On June 11, 2015, DC Jobs with Justice, the Jobs With Justice Education Fund, the DC Fiscal Policy Institute, and the Kalmanovitz Initiative released the first-ever study on service sector scheduling practices in Washington, DC.
The report, “Unpredictable, Unsustainable: The Impact of Employers’ Scheduling Practices in DC,” draws on a survey conducted in 2015 with hundreds of people employed in the District, focusing on the retail and restaurant/food service industries—the broadest citywide study of scheduling practices in the service industry to date. The findings received widespread media coverage, including from the Washington City Paper and the Washington Post.
In line with previous research, it finds that “just in time” approaches to scheduling negatively impact many DC employees’ lives, often resulting in erratic and unpredictable hours for the women and men who serve our food, stock our shelves, and sweep our floors. Employees are granted too few hours on too short notice, resulting in unpredictable incomes and work schedules that make it hard to budget, arrange childcare, continue with education, or hold down a second job to try to make ends meet.
Key findings include:
Low Pay Common
The typical employee works 32 hours per week at a pay rate of $10 per hour resulting in an annual income of approximately $16,000.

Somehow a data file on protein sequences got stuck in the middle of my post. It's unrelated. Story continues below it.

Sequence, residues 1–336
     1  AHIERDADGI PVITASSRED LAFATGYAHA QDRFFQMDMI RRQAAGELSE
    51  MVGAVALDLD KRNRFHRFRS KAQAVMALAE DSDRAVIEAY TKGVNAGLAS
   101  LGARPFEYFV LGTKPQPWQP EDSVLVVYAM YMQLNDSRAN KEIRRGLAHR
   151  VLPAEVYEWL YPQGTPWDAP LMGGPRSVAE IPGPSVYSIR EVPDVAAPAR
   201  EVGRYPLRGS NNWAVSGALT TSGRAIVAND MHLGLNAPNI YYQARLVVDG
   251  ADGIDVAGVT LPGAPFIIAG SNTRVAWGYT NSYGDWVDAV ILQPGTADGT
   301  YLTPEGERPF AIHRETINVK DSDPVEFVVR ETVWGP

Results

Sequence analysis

More Hours Needed
Four out of five people said it was very important or somewhat important to get more hours.
Second Jobs Required
Nearly one-quarter of individuals work at least one additional job.
A typical respondent faces a 13 hour range in weekly hours per month, receiving as little as 25 hours some weeks and a high of 38 hours in other weeks.
Lack of Advance Notice
Nearly half of employees reported first learning of their work schedules less than one week in advance; one-third receive initial work schedules with less than three days’ notice; and nearly one-third of retail and restaurant/food service employees reported receiving less than 24 hours’ notice of schedule changes.
Life On Hold For On-Call Shifts
Individuals assigned on-call/call-in shifts appear to have a 50/50 chance of getting paid to work, despite holding time each week for their employers.
Half of those working in the restaurant/food service industry reported being sent home before working their full shifts.
Part-Time Work, Full-Time Availability
Sixty percent of individuals said they must always be available to fulfill any assigned work schedule—regardless of the days or hours—in order to be considered for full-time hours or the best shifts available.